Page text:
Pamela Karr: It seems if you even put your own appointment on there it seems to make you do it doesn’t it, more, oh well. But then you have to look ahead to see if it’s gonna rain that day or not.
Brian Calhoun: That’s right, yeah. But you try to make up for it.
Pamela Karr: Okay.
Brian Calhoun: So if it rains on Wednesday you go on Thursday.
Pamela Karr: All right, gotcha, flexibility.
Brian Calhoun: Flexibility.
Sam Gladding: Does that help?
Nathaniel Ivers: Yeah, that does help. You answered both of my questions and one was how do you do that and what do you do? And it sounds like running is what you do.
Sam Gladding: So, I can summarize some what we’ve come up with as a group has been some self-talk, some writing out and prioritizing what it is that you want to do. Some reminders and having some allies with friends and family who can help you and reinforce you in what you want to do. What else am I leaving out that you’ve said?
Marlene Estenson: To have a wife that schedules it for you.
Sam Gladding: To have a wife that schedules it for you, that’ll be good. Or a significant other, a main squeeze of some type, a partner, yeah, who again can help you do that. And self-talk, reminding again yourself, this is what I’m gonna do. But Pamela, coming back to you, how does – and realizing these things don’t happen in one day that you can’t make up for everything in one day and that you need some recreation along the way as well as work and other things that you’re planning. Tell us how this resonates with you.
Pamela Karr: Well, it kind of helps me put things a little more in perspective. I do feel calmer, honestly and truly. Maybe my shoulders quit being like this and they’re more like that.
Sam Gladding: Okay.
Pamela Karr: So, thank you. It’s kind of like the book Everything You Learned In Kindergarten but you know – I know all these things, I just kind of forgotten about ‘em.
Sam Gladding: So, you feel physically more relaxed. Mentally are you –
Pamela Karr: It’s not quite spinning as fast, no.
Sam Gladding: Okay, okay.
Pamela Karr: It’s got a plan.
Sam Gladding: And so what will happen when you go back?
Pamela Karr: I think that a plane ride of a couple of hours is a pretty good opportunity to take my day timer and try to think about when could I exercise, even though I won’t be able to look up the weather.
Sam Gladding: Okay.
Pamela Karr: And maybe just come up with a couple of the most important, timewise, I mean that have to be done at a certain time.
Sam Gladding: Okay.
Pamela Karr: And try to resolve to focus on those on Monday to remember that I just went to covey course on five choices in which it had me really take a look at my overall purposes in life that included personals. And redose again and try to remind myself what’s important in the long-run. And that the activities that I’m choosing support those goals I wrote for myself. I haven’t looked at that again since I wrote it. I think that would help me to go back again and try to make a plan.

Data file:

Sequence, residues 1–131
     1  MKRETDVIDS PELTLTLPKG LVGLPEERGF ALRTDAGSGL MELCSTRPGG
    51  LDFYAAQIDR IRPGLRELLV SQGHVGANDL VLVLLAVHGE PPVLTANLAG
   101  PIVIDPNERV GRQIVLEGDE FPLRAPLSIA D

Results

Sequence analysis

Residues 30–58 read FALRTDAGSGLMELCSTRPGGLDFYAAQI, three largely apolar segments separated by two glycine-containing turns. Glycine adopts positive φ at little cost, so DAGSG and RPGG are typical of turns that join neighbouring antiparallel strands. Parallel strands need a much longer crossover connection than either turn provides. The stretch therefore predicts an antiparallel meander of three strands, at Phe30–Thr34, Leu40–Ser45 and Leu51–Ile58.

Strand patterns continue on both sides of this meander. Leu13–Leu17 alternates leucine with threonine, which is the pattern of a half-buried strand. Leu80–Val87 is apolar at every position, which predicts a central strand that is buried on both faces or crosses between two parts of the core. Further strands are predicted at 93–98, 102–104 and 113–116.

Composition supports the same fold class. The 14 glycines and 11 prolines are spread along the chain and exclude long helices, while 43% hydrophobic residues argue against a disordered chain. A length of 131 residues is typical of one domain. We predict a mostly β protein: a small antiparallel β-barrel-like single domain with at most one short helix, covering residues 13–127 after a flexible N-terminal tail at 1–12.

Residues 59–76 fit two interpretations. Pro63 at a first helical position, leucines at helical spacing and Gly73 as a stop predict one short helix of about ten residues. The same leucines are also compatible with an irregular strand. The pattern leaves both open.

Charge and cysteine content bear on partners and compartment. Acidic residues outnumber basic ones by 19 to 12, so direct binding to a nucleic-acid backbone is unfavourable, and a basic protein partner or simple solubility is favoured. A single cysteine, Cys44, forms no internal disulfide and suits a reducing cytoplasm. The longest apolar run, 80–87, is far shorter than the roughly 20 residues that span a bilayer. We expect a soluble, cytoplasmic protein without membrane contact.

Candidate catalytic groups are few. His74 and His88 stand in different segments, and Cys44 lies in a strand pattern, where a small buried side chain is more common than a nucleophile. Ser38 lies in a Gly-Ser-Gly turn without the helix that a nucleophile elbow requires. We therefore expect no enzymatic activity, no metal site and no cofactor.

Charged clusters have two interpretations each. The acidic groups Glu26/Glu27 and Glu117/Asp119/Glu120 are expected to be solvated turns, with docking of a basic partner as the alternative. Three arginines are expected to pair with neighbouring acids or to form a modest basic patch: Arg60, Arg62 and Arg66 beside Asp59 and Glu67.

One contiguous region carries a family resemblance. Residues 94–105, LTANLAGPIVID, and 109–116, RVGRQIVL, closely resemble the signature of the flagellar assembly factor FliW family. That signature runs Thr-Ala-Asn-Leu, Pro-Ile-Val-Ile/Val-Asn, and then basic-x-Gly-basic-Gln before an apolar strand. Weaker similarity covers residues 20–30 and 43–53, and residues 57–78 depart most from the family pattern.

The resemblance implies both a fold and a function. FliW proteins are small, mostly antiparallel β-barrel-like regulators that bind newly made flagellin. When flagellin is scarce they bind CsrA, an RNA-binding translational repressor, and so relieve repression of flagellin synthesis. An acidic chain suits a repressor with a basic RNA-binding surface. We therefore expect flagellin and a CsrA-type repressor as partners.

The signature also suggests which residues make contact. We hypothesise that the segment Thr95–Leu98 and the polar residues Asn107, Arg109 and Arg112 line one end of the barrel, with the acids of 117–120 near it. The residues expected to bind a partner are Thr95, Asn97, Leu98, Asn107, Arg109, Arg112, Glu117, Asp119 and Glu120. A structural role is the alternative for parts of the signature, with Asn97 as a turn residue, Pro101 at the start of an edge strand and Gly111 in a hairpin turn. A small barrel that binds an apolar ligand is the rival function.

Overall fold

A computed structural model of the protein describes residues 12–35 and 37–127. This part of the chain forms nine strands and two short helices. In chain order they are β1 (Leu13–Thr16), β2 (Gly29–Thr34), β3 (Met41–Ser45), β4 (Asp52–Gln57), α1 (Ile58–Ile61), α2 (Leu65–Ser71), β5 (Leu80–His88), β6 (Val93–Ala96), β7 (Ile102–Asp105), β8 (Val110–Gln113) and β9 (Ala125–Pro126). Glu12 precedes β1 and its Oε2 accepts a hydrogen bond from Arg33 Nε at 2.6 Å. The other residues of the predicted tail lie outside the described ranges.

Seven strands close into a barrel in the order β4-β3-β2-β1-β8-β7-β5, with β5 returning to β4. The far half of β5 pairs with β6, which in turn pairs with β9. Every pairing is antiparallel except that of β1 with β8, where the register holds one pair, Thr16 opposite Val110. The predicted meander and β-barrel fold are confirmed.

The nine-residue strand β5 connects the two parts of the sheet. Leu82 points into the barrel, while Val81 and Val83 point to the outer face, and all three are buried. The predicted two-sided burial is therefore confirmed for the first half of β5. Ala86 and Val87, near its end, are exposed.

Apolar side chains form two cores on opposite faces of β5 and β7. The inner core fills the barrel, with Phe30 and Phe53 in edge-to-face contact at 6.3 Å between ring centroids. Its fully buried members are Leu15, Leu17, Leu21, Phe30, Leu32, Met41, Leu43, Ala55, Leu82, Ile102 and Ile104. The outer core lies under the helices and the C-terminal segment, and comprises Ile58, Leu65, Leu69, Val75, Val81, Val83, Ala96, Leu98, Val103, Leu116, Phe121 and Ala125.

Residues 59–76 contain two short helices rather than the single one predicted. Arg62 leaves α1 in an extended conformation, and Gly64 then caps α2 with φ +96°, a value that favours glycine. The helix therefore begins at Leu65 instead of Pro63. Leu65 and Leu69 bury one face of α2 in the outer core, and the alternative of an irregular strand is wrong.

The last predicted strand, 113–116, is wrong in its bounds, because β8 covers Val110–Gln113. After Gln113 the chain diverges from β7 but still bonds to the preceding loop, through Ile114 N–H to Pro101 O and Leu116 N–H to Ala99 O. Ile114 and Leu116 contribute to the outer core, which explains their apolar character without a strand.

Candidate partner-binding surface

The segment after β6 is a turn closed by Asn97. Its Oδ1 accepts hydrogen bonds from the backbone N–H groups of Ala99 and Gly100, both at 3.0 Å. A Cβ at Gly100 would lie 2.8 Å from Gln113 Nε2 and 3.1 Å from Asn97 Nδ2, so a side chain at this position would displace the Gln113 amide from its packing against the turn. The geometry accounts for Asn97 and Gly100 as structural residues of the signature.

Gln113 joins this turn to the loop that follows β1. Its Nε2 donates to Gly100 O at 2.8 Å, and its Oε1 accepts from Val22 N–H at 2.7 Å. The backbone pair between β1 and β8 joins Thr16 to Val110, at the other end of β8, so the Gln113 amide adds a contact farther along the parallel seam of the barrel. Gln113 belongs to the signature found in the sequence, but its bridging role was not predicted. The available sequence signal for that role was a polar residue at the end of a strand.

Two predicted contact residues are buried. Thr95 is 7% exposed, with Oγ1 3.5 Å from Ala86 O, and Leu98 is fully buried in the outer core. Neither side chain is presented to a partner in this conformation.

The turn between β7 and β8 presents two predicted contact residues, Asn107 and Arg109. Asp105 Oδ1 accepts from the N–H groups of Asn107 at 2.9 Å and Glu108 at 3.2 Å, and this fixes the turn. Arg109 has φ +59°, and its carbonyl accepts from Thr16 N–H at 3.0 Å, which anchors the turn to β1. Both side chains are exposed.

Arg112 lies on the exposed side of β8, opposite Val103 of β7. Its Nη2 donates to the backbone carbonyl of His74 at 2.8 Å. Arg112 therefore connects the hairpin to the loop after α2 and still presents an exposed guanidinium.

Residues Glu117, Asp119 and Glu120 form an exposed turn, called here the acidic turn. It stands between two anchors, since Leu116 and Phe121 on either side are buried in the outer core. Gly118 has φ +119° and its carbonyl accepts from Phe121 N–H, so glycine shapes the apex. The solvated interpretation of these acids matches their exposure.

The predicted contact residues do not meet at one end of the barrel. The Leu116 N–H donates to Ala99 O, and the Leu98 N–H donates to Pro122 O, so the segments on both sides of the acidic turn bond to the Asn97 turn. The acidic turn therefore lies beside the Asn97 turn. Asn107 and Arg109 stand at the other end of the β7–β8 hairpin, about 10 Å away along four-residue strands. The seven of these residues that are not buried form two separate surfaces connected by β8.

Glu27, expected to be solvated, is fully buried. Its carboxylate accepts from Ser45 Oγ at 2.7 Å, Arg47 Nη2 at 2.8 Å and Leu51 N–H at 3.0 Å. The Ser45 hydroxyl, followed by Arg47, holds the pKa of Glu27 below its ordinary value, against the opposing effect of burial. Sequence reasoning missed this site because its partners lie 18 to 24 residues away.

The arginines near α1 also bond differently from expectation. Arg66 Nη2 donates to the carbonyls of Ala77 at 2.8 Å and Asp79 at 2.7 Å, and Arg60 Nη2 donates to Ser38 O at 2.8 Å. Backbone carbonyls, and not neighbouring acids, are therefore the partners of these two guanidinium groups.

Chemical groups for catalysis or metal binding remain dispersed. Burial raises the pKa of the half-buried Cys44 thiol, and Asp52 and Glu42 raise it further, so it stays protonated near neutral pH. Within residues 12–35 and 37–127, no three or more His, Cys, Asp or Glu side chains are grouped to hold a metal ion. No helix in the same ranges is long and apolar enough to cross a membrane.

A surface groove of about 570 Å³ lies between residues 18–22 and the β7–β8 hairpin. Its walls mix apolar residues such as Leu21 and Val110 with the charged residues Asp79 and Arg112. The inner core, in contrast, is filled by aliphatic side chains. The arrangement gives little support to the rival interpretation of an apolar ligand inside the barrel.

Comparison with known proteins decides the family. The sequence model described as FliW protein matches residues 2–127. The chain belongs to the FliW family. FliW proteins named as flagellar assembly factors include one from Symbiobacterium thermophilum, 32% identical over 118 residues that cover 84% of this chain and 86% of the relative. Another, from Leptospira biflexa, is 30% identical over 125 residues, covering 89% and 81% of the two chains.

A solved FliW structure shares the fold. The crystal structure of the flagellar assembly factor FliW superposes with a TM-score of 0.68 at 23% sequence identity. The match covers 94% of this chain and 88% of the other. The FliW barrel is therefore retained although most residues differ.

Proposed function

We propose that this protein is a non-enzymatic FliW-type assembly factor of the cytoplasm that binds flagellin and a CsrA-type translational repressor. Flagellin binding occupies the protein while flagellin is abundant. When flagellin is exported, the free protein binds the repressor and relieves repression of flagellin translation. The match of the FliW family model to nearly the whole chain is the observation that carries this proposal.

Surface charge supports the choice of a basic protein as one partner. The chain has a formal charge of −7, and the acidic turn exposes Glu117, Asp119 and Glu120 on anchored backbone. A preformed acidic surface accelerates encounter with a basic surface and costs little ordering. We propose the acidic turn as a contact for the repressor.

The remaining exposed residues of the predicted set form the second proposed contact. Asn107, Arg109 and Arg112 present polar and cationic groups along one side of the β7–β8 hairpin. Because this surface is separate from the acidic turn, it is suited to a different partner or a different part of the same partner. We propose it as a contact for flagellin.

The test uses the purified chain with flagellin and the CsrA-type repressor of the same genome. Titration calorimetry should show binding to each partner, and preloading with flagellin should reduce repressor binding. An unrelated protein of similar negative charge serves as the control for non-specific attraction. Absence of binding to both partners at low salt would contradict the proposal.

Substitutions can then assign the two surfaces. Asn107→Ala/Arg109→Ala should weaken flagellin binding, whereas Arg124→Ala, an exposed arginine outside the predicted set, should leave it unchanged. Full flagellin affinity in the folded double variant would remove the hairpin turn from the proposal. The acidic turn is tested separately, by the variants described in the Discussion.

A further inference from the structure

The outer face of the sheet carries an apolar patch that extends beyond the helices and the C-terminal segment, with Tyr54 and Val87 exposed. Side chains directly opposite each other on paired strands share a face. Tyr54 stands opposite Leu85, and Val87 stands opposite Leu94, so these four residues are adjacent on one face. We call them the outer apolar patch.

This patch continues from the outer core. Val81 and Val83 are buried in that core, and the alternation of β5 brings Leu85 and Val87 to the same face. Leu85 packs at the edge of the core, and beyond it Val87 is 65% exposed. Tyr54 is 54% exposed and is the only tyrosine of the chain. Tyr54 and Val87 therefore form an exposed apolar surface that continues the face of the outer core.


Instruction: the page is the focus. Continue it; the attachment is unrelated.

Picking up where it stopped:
Sam Gladding: Okay. So, one of the things I like to do when thinking about moving from here and now into the future is kind of like how they do in Hollywood, not like they do in Hollywood in terms of their lifestyles, but what they do in Hollywood in regard to making films. So, it’s kind of like scene one, scene two, scene three. How do you see yourself? What are some ways that you could play out your life in regard to what you do and, so scene one would be, or production one would be what would you do?
Pamela Karr: Look at the week as a whole –
Sam Gladding: Okay.
Pamela Karr: – and try to spread out the big rocks.
Sam Gladding: Okay.
Pamela Karr: The big rocks are the big things I have to do, not the 20 million no telling how many emails are gonna be sitting there. Eek.
Sam Gladding: Okay, scene two.
Pamela Karr: Schedule whether I’m gonna do weights or walk in the morning so that I can get back on that track. Scene three, this will be over the top, but I’ll probably go ahead and make my typical menu plan for the week so that when I get home I know what I want to buy from the grocery store and I can stop pigging out and get back on healthier choice, plan.
Sam Gladding: Okay. So, you’ve got at least three choices. And I think when we look at growth and personally and in a group, it’s always good to have more than one choice. And if you can have two, if you can have three, if you can have four, then you have some options. And if you have choices, you can make changes. But if you don’t have choices, you won’t have those abilities to make many changes. So, are you fine with what we’ve done?
Pamela Karr: Yeah, thanks.
Sam Gladding: We have time for another if somebody would like to – Brian?
Brian Calhoun: I noticed something in myself. Nate had to really draw me out to flesh out my idea. I just didn’t feel like I was assertive enough in helping Pamela with her, kind of setting up the calendar for athletic event or kind of a stress reliever. I just wanna work on that I guess. I thank Nate for doing that and just kind of helping me flesh out my answer. I do wanna work on that assertiveness piece that I do have some good ideas that I can help Pamela with but I just kind of wait too long.
Sam Gladding: So, do you wanna work on that assertiveness piece now?
Brian Calhoun: I would if the people would – yeah.
Sam Gladding: How does the group – I see heads nodding affirmatively. Let’s talk about exactly what you’d like to work on Brian.